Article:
What we can do, however, is seek monetary relief for redress to consumers — so it’s not always the case that a company we don’t have an order against won’t be subject to a judgment that would encompass financial penalties. A lot of our privacy cases rely primarily on injunctive relief — where we mandate that the company put in place comprehensive privacy programs and also enjoin them from similar actions in violation of the FTC act going forward.
Q: How has the FTC’s approach to technology evolved as that technology has evolved? Where do you think that’s going next?
A: One of our responsibilities has always been to stay on top of evolving business models. We were certainly looking at online commerce when the Internet first became popular.
Back in 2000, only a small percentage of Americans used mobile devices. Today, more than 60 percent are using smartphones.
As a consequence of that, we’ve been increasingly placing priorities on making sure that consumer protection extends beyond the brick-and-mortar world and into the mobile ecosystem. We brought a number of cases, even just in 2014, that emphasized to companies the need to ensure that consumers have adequate information about purchases and that disclosures are made effectively on mobile devices.
Q: Do you think consumers are generally aware of the trade-offs that they’re making when it comes to privacy?
A: Most of us carry our phones all the time, and that means a lot of information is being collected. That brings a lot of benefits to the consumer but then also raises certain risks.
You might purchase a smartbed that could monitor your heart rate and your respiration, as well as capture snoring patterns. It might also permit you, from the comfort of your bed, to lock your doors or turn off your lights.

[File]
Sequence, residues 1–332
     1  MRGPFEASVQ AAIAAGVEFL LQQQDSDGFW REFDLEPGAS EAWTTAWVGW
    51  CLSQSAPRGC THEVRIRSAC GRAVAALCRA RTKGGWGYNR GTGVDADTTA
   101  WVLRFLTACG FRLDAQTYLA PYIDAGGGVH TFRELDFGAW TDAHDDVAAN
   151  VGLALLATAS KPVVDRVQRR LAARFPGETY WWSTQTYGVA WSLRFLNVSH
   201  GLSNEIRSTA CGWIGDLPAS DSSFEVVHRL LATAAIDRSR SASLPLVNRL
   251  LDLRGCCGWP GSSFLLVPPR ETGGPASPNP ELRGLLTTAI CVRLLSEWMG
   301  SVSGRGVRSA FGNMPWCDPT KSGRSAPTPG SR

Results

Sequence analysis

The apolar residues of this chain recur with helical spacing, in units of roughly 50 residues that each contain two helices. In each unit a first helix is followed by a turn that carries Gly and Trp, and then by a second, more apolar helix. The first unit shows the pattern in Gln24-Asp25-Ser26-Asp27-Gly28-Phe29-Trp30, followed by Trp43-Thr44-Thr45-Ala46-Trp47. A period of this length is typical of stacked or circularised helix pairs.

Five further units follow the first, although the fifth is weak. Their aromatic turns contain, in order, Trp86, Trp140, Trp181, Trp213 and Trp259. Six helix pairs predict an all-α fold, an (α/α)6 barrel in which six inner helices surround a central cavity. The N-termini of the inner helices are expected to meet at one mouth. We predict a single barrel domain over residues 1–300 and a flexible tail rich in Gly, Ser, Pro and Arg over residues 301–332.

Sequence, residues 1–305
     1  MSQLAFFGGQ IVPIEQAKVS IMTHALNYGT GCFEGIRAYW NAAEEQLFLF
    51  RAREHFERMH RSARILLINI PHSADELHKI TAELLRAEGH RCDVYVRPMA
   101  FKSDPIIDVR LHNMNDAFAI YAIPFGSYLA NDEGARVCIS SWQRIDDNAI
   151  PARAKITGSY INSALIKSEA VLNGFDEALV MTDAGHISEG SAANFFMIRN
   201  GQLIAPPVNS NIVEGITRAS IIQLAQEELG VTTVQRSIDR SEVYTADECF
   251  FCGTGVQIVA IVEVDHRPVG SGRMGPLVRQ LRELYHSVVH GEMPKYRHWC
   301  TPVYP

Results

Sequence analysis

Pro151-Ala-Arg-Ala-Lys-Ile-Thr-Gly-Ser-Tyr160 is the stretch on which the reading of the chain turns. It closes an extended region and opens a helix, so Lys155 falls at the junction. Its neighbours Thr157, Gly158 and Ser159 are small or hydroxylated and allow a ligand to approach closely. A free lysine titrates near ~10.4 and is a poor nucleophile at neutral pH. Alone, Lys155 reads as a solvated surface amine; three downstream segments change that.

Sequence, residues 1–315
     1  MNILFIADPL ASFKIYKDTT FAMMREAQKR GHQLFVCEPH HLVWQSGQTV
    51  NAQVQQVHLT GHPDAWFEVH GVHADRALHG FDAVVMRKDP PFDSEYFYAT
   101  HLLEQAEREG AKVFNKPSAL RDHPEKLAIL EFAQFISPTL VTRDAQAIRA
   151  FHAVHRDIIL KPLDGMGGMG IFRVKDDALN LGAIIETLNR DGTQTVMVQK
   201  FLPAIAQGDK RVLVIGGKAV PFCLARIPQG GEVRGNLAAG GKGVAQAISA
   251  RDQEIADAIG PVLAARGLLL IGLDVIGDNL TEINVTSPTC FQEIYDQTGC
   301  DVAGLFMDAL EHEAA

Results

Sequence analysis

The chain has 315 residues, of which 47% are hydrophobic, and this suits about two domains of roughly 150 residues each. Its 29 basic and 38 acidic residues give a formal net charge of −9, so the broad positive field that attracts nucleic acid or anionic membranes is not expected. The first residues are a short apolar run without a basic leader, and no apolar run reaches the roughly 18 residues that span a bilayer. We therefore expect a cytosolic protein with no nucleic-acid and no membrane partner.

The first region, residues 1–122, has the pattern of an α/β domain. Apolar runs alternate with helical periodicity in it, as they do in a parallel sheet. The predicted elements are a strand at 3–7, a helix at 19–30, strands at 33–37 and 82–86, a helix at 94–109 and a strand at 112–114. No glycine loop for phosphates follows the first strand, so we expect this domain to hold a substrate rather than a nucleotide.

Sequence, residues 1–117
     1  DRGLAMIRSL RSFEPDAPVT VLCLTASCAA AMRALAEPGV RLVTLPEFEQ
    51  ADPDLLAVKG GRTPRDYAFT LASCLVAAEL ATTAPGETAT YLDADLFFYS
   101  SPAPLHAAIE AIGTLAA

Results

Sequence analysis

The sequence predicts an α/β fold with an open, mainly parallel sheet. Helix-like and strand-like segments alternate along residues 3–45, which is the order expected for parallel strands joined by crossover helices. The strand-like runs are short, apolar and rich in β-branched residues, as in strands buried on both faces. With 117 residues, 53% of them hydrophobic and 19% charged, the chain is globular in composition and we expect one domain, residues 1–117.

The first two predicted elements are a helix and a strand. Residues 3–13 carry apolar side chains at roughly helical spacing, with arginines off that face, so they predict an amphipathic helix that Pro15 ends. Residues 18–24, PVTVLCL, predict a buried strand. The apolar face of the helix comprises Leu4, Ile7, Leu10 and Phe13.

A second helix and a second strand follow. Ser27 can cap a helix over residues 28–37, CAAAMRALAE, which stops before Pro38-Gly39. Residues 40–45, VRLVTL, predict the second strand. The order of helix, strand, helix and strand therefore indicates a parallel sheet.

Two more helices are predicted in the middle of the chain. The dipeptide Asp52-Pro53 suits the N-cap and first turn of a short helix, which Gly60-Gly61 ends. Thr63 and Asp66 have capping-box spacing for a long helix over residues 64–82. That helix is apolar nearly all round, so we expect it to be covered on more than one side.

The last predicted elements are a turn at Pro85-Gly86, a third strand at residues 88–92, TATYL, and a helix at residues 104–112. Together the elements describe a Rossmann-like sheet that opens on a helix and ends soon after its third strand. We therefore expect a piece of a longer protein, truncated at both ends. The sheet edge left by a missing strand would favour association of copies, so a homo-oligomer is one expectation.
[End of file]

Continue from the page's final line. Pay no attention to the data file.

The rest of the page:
Not only is this smartbed collecting a lot of health information, it’s also now providing connectivity that could raise security issues.
We want to highlight what those risks are but also think about ways to mitigate those risks. We encourage companies to think hard about privacy and data security from the get-go. From the time that they conceive a service or product, we want them to be thinking about how to incorporate protections.
Q: How has your background in corporate law influenced your approach to enforcement?
A: Being both on the side of defending companies and as an enforcer gives you an important perspective — so it’s not just one side pitted against the other. I think it’s important to understand that the vast majority of companies want to comply with the law. You need to have a constructive relationship with them and provide guidance.
Learning how to assess a case, learning how to evaluate whether it’s appropriate to move forward with an enforcement action, determining what type of relief is needed — these are all things I was familiar with from my days as a litigator.
At the same time, being in an agency that places such an importance on policy and research has been new terrain for me, but it is something I feel is valuable.
Q: Do you feel like your background in litigation played into the commission’s decision not to pursue antitrust action against Google for its search practices?
A: I’m not going to get into the Google situation. We issued a statement that articulated our thinking and why it was that we felt it appropriate to close that particular investigation.
But as a general matter, the first question we ask when we are determining whether to bring an enforcement is: What is the right outcome here? Has there been a violation of the law? Sometimes we deal with issues that are very complex, but that’s the first and foremost question that is on my mind when I’m helping to decide whether we ought to proceed.